This placement/orientation would be much easier to do with analog signal than with digital since you could visually/audibly interpret the degree of interference directly from what you observe with your senses. It is harder to interpret with digital because all you can see is data corruption, not the noise itself. You should still be able to figure it out though if you take notes and make your changes slowly, say one change per day, to see if the number of times the surge makes your TV signal drop out (and the duration of the drop out) are affected by the changes you are making. If your TV has analog tuner built in, you might still be able to use that as your 'sniffer' although without a real signal to receive, the tuner is likely to show you strong switching noise no matter how well you filter it because there is nothing to compete with it in the tuner.
Yes it has built in signal strength. I was playing around with moving the antenna today and checking different stations. Funny that all channels get good signal, I live very close to the stations, apart from channel 9 and ABC24. Not sure why. I have to move the antenna (rabbit ears by the way) around to find the sweet spot.

I am also going to investigate the degree of difficulty in hacking into a nearby outdoors antenna by fitting a splitter into the main line. Its very high up though so I dont know if I am going to be able to do this. Hence my rabbit ears at the moment.

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The strength of the incoming signal will play a part in the effectiveness of the filter. Try tuning in several stations, check the signal strength (hopefully your TV has a signal strength meter built in, if not you will have to guess), and use a marginal signal to evaluate the effectiveness of your filter rather than a strong signal. The better your reception through the switching transient, the more attenuation you are getting from your adjustments.
I will check.
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post #26 of 112 Old 03-28-2015, 11:47 AM - Thread Starter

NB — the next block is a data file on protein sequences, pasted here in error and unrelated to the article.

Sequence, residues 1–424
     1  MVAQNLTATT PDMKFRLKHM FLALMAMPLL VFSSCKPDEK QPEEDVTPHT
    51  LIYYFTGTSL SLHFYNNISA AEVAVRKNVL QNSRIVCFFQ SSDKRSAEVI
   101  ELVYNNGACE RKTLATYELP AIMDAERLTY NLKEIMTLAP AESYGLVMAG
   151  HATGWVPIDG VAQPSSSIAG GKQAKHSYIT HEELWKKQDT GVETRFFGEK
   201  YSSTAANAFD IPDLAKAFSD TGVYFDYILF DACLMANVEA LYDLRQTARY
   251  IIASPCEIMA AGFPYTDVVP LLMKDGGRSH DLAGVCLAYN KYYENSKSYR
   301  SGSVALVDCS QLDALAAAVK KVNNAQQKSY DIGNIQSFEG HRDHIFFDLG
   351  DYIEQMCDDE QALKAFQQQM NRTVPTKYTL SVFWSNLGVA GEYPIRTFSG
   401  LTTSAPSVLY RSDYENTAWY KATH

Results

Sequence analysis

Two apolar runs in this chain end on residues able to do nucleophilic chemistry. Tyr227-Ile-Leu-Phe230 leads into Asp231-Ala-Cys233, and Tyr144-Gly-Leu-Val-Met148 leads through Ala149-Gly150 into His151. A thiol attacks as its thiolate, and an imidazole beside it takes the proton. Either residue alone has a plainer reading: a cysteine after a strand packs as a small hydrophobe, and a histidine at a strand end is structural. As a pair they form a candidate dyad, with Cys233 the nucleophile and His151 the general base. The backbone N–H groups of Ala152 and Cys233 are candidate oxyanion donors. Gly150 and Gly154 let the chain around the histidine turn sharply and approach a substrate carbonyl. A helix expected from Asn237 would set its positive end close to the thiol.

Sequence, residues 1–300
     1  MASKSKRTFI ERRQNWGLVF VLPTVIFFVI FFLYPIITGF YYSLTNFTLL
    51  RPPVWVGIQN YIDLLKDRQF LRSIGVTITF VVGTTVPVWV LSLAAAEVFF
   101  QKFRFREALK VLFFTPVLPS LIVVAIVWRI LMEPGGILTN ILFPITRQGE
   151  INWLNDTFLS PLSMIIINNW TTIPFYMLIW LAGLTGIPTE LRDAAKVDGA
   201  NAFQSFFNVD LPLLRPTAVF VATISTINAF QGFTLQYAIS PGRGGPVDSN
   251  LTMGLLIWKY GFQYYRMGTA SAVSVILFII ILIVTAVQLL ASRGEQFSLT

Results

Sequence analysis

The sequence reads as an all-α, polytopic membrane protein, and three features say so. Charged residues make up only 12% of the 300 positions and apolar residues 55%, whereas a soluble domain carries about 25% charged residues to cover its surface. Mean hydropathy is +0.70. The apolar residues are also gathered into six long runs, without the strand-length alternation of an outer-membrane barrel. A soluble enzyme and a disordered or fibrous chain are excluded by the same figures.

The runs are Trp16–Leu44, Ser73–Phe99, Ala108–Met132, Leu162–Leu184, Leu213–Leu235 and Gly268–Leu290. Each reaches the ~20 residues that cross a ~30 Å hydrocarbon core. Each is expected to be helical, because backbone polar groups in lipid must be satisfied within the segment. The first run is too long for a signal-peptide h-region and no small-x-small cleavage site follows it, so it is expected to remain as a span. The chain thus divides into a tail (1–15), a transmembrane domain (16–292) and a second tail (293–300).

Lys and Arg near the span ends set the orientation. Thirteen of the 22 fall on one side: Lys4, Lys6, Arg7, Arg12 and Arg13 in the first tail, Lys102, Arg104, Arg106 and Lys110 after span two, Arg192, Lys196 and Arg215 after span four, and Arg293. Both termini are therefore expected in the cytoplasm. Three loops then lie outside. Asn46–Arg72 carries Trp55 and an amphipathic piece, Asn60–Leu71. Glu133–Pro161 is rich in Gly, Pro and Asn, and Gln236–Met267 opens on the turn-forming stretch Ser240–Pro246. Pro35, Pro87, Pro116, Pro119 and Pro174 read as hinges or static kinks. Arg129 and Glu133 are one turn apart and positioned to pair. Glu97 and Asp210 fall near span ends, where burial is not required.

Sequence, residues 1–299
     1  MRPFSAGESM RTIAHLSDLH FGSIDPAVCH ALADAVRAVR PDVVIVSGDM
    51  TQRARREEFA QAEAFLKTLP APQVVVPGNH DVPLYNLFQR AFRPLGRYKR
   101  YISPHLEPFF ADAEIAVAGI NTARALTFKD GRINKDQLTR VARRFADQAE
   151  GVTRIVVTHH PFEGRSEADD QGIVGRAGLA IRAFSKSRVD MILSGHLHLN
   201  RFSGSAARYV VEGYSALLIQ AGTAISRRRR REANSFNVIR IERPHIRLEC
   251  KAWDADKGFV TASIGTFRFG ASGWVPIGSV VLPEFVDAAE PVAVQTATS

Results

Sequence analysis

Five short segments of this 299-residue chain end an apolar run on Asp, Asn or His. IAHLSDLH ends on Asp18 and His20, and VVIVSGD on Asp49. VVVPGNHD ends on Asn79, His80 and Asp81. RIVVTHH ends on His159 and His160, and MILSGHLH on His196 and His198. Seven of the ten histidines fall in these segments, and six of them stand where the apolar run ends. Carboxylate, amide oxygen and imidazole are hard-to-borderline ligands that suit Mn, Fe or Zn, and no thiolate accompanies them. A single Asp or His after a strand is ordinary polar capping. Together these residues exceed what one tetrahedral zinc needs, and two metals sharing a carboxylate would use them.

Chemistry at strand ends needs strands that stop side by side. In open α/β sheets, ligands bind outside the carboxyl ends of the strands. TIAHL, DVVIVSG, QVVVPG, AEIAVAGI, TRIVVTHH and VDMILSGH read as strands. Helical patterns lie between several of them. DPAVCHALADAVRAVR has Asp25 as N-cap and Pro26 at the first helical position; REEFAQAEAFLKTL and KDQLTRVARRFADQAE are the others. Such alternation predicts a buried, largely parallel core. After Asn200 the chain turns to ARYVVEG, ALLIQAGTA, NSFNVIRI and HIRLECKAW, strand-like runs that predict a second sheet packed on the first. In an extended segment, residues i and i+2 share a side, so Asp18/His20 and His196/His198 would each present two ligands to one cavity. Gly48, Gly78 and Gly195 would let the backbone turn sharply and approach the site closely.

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You could also try clipping a large ferrite bead on the 'noisy' side of the filter to see if that helps reduce the noise even more. If still not working correctly you could try adding one to the TV power cord too if it does not have one already. Finally, you could try adding a third on the 'quiet' side of the filter, or swapping from the 'noisy' to the 'quiet' side.
It seems as if you are on the right track.
What on earth is a ferrite? I am going to have to google that never heard of it...
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post #27 of 112 Old 03-28-2015, 11:47 AM
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Typical EMI Filters do NOT have Capacitors on one side and Inductors on the other [Capacitor are CHEAP...so might as well use them on BOTH sides for better performance at minimal additional cost]. EMI Filters are usually BALANCED Filters with Capacitors on BOTH Input and Output....and Inductors in between them....so it's SYMMETRIC...although there COULD be differences in voltage ratings between "Input" and "Output" Capacitors (although probably NOT) and esp. how the Grounds are connected, as I mentioned above:
https://www.google.com/search?q=emi+...hematic+images

It might help if you could cite a link to the specs for your particular EMI Filter....

BTW: Line/Load and Load/Line markings clearly indicate that it can be hooked up in EITHER DIRECTION....
Maybe, maybe not. Depends?

The filter has a schematic right on it. I would find it confusing (at least) if the schematic is not an accurate representation of the circuit inside.

It would not be the first time a manufacturer published misleading or inaccurate information, but until someone measures the ports with an analyzer or takes the filter apart to check, I would feel safer assuming that the schematic is accurate.

Anyway the OP can just try it both ways and see if it makes a difference. Even if it is asymmetrical there is no guarantee that the sticker with the schematic was put on in the proper orientation.